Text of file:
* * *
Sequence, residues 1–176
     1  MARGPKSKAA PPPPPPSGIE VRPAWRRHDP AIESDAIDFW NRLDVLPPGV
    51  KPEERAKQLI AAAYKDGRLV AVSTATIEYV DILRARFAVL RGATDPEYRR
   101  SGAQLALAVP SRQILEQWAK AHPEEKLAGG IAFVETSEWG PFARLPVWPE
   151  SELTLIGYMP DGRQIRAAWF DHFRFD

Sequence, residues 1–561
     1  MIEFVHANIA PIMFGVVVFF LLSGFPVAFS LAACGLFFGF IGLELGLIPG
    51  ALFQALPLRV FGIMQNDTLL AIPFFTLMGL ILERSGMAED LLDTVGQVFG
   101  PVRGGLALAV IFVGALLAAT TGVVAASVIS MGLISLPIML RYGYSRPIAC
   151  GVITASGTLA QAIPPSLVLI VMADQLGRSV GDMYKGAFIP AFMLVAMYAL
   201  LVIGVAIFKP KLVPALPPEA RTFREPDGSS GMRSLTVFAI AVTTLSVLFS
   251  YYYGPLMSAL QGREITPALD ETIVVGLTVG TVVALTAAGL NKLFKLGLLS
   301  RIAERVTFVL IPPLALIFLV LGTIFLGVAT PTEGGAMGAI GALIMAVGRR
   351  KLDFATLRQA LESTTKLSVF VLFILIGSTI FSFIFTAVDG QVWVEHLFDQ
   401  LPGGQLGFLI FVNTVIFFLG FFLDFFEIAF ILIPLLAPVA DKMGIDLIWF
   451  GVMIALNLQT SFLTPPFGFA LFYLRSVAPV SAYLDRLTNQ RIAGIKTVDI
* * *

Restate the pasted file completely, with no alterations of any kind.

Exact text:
Sequence, residues 1–176
     1  MARGPKSKAA PPPPPPSGIE VRPAWRRHDP AIESDAIDFW NRLDVLPPGV
    51  KPEERAKQLI AAAYKDGRLV AVSTATIEYV DILRARFAVL RGATDPEYRR
   101  SGAQLALAVP SRQILEQWAK AHPEEKLAGG IAFVETSEWG PFARLPVWPE
   151  SELTLIGYMP DGRQIRAAWF DHFRFD

Sequence, residues 1–561
     1  MIEFVHANIA PIMFGVVVFF LLSGFPVAFS LAACGLFFGF IGLELGLIPG
    51  ALFQALPLRV FGIMQNDTLL AIPFFTLMGL ILERSGMAED LLDTVGQVFG
   101  PVRGGLALAV IFVGALLAAT TGVVAASVIS MGLISLPIML RYGYSRPIAC
   151  GVITASGTLA QAIPPSLVLI VMADQLGRSV GDMYKGAFIP AFMLVAMYAL
   201  LVIGVAIFKP KLVPALPPEA RTFREPDGSS GMRSLTVFAI AVTTLSVLFS
   251  YYYGPLMSAL QGREITPALD ETIVVGLTVG TVVALTAAGL NKLFKLGLLS
   301  RIAERVTFVL IPPLALIFLV LGTIFLGVAT PTEGGAMGAI GALIMAVGRR
   351  KLDFATLRQA LESTTKLSVF VLFILIGSTI FSFIFTAVDG QVWVEHLFDQ
   401  LPGGQLGFLI FVNTVIFFLG FFLDFFEIAF ILIPLLAPVA DKMGIDLIWF
   451  GVMIALNLQT SFLTPPFGFA LFYLRSVAPV SAYLDRLTNQ RIAGIKTVDI